Management of Powdery Mildew Begins with Understanding the Causal Fungus
          By Dr. Nicole Gauthier

Golovinomyces (synonym Erysiphe sp.)

Hemp (Cannabis sativa x indica) is grown both outdoors and in greenhouses.  The environmental conditions of each system varies extensively, resulting in differing disease pressure.  High humidity greenhouses and other closed environments are often ideal for fungal diseases such as powdery mildew.  Outdoor-grown hemp is much less susceptible to the disease.

Powdery mildew diseases are caused by a group of fungi that develop fungal strands and chains of fungal spores on leaf surfaces and branch tips.  Powdery mildew pathogens are host specific; each species of the fungus is specific to certain hosts.  Thus, the species that infects Cannabis are restricted to hemp, hops, and a limited number of host plants.  Likewise powdery mildew pathogens of surrounding plants (examples dogwood powdery mildew or rose powdery mildew) will not infect Cannabis spp.  Golovinomyces sp. (synonym Erysiphe sp.) remains the most common of the powdery mildew pathogens that infect Cannabis spp.


Understanding the basic biology of the causal powdery mildew fungus is important for management of disease.  Environmental conditions, presence of fungi, and plant susceptibility are major factors in the disease cycle.  Thus, understanding their relationship is vital to management of powdery mildew in hemp.  (Refer to Hemp Disease 101:  Back to Basics for more details).

Powdery mildew develops on leaf surfaces as the familiar white powdery growth.  Masses of white mycelia (fungal strands) and chains of conidia (asexual spores that are produced in large numbers) make up this powdery growth.  Infective conidia are carried by air currents to healthy plant material; fans, wind, and mechanical means can move spores.  Under ideal conditions (moderate temperatures and high humidity), an infection site of just one square centimeter can produce an average of 300,000 spores each day.  Within 5 to 10 days after infection, diseased plant tissue becomes a source for new spores, and the cycle continues.  Under greenhouse conditions, this repeating cycle is continuous.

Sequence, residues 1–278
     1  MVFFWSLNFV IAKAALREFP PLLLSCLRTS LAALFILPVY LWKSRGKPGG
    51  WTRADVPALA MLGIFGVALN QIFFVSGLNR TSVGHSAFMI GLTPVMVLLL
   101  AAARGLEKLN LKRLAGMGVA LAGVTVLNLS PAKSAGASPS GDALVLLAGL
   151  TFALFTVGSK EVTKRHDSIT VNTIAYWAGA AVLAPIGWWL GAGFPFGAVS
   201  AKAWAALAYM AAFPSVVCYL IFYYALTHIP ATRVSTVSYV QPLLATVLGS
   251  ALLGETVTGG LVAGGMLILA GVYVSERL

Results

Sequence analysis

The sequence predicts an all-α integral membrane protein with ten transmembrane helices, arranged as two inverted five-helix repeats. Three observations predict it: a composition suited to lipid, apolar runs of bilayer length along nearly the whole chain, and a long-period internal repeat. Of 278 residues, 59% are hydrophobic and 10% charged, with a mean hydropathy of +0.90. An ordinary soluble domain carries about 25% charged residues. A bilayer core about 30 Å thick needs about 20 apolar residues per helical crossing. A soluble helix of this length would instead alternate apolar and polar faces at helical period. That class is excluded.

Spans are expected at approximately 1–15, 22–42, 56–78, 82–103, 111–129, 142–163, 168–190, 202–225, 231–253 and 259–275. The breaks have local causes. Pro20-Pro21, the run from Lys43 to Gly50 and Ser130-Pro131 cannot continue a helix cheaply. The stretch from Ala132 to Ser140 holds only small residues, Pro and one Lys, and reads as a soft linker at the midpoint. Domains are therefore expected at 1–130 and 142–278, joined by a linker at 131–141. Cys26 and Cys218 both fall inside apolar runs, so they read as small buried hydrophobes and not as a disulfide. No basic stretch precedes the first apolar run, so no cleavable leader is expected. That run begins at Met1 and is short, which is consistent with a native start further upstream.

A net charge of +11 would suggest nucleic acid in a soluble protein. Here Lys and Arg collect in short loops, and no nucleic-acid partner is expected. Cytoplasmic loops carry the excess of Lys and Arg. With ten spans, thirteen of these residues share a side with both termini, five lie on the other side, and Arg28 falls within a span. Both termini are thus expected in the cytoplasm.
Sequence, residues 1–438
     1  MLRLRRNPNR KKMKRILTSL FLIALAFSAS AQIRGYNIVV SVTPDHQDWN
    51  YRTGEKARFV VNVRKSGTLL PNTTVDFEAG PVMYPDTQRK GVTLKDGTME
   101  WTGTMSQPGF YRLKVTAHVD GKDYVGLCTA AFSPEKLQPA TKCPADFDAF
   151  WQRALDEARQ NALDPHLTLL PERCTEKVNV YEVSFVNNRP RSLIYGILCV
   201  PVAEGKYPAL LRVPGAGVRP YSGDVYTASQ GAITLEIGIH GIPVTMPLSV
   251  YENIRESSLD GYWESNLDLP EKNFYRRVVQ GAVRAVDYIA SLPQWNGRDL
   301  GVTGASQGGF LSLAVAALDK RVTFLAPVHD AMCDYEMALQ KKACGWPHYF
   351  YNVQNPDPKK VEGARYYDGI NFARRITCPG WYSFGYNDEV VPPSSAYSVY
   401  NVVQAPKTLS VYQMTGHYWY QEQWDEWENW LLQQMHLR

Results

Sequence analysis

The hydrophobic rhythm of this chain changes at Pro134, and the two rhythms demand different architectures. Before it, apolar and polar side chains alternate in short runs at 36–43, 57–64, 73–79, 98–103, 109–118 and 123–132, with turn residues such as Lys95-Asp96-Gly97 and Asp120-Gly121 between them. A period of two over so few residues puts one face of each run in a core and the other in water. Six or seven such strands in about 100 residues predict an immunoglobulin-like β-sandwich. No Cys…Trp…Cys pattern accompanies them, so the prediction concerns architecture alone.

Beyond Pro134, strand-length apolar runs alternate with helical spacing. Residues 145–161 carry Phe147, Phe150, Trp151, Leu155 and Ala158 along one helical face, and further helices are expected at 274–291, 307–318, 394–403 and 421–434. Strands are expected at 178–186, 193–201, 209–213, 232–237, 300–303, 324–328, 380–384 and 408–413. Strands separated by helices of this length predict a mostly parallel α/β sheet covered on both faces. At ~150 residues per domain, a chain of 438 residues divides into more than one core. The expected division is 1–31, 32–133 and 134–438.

In outdoor plantings or open greenhouses, a second fungal stage may occur.  During stressful events such as drought, stress, or plant senescence, powdery mildew fungi produce survival structures (chasmothecia) that allow for survival during adverse conditions.  Chasmothecia encapsulate sexual fungal spores and are hard and darkened with melanin.  They are tolerant of heat, drought, freezing temperatures, and fungicides, hence the term survival structure.  This is the typical means for overwintering/overseasoning.  Powdery mildew fungi overwinter as chasmothecia in fallen leaves and other plant debris on the ground.  When favorable conditions resume, chasmothecia release spores and initial infections begin the disease cycle.